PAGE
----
Specifically in business and in communications, “ I use a communications model to provide a context, to talk coherently and concisely. I also use this model to present visions. I believe that every presentation is about the future. My vision, as a presenter, is always the future, my vision is never the past.”

Can you speak more about how performing as an actor has helped you as a business man?

“Good acting has a sense of embodiment and ownership. Good acting means that you were there and you were whole and you were full and you were engaged. If you’re not full and engaged with your body, and your voice, and your gestures, and your emotions then you’re at the wrong game, absolutely the wrong game and it is exactly the same with business.”

In a business setting as a company or an employee, it is imperative to “ take ownership of what [you] stand for.” I am a “big believer in the communications game that, if you do not stand for something with a strong spine, strong voice, and clear gesture…there is a danger that you’ll actually stand for nothing. And if you stand for nothing then you are disadvantaged, you are disabled in some sense that you can’t articulate who you are and what you stand for.”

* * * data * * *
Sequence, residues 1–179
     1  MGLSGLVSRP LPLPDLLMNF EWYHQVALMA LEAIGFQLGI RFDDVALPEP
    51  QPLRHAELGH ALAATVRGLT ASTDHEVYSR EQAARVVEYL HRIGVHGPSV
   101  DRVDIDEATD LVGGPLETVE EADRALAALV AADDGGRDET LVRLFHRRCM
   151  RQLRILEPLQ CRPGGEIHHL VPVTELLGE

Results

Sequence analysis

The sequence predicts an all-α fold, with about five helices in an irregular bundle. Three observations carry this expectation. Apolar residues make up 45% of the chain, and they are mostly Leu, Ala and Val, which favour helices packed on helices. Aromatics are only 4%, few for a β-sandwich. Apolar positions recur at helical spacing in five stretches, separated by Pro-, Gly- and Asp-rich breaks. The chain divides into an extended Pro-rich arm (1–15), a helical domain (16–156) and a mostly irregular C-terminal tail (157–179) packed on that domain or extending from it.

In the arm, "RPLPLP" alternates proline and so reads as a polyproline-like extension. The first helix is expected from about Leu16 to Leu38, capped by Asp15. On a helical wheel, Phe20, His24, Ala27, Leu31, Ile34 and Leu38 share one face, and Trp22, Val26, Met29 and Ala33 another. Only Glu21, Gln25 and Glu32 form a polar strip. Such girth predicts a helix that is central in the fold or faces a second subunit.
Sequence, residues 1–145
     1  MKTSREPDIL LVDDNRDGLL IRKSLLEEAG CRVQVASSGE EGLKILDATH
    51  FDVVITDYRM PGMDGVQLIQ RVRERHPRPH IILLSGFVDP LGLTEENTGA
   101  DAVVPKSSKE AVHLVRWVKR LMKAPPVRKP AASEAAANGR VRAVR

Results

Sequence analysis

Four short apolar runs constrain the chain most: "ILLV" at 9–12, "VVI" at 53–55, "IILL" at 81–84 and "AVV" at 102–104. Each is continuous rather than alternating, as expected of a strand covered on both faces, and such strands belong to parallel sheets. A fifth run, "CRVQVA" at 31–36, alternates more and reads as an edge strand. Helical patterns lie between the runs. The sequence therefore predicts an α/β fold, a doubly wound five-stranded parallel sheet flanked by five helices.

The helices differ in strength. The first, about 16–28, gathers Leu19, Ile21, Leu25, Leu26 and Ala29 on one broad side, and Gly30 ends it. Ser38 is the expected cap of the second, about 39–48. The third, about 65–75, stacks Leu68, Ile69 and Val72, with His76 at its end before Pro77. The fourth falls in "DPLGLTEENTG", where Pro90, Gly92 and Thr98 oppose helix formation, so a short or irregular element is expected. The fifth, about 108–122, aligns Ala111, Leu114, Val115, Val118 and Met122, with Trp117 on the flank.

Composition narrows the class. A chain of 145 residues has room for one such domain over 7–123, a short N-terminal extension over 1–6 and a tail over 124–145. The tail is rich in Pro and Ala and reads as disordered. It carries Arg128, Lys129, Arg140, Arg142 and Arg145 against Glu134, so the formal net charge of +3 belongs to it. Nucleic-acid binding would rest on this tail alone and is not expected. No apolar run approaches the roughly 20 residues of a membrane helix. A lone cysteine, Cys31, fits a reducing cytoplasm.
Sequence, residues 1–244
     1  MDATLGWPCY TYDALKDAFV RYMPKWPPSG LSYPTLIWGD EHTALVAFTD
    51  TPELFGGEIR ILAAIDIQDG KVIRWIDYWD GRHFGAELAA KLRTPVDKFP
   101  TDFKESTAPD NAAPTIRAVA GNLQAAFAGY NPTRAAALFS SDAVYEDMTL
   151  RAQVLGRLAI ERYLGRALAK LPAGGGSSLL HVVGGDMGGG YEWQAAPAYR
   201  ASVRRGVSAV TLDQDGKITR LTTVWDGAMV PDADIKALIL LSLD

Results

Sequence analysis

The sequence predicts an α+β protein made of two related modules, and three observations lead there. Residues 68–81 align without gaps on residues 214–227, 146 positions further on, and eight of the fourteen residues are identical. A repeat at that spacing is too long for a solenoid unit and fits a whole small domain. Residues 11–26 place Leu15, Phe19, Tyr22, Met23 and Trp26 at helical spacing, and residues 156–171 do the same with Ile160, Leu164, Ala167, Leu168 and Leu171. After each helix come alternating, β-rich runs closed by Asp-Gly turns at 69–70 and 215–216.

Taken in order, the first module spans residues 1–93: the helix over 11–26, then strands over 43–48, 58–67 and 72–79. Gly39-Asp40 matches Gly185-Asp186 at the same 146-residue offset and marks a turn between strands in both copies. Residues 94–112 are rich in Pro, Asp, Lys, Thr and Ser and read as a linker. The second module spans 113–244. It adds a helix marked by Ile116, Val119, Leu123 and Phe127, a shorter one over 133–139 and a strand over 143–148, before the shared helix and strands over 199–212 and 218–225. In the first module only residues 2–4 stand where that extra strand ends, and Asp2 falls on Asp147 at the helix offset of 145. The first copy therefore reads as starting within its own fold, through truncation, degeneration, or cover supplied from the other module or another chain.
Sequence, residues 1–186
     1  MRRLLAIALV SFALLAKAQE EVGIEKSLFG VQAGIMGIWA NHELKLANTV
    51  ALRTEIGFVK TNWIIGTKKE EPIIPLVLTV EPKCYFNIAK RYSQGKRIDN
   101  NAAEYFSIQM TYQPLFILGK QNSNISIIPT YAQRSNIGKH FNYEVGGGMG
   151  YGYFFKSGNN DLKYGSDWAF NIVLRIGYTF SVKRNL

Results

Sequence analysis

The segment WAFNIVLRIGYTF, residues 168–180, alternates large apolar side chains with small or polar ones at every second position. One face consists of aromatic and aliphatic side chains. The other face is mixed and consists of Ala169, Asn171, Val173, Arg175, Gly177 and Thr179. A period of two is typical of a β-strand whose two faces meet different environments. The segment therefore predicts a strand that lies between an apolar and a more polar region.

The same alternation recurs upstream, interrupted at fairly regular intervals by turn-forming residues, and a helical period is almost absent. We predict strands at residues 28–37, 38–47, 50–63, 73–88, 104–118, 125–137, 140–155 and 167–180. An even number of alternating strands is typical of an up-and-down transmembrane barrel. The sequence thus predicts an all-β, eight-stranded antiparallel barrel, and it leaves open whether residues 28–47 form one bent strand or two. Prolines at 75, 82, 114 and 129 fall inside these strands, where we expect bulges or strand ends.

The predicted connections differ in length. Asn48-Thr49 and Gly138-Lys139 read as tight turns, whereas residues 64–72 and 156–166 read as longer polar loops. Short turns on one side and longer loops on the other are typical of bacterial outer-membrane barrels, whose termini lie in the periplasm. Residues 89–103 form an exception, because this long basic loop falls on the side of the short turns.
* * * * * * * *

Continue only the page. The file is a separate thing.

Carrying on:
What would you say for students studying Business or Theater?

“At the National Theater School I have designed a course that addresses this question [what do you stand for?] for my students.”

[One of the courses at the National Theater School is called “Manifesto.” It encourages students to create and design their own work. They are in control of the process, presentation and art forms used.] The “Manifesto program is predicated around that concept of figure out who you are and what you stand for.”

“So to students in any realm, I would say figure out what kind of work you want to make and what kind of context you want to make it in. If you can answer those questions, it is incredible what can happen.”

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“Know Thyself”

“Know Thyself.” My time abroad has provided me with the necessary change in perspective to reflect on this phrase. In doing so, I have thought about one specific area of development that runs through every aspect of my life.

Delayed Satisfaction.

The idea of this is often frustrating. We, as business students, do not like to work without the notion of immediate results. But, could this delay actually be a good thing? Here are a few areas in my life where I have identified the value of delayed satisfaction. I hope that this reflection will allow you, reader searching for immediate results, to take the time to reflect on your own life. Maybe, to determine where you seek immediate satisfaction. Hopefully, to figure out how delayed satisfaction is actually valuable to you.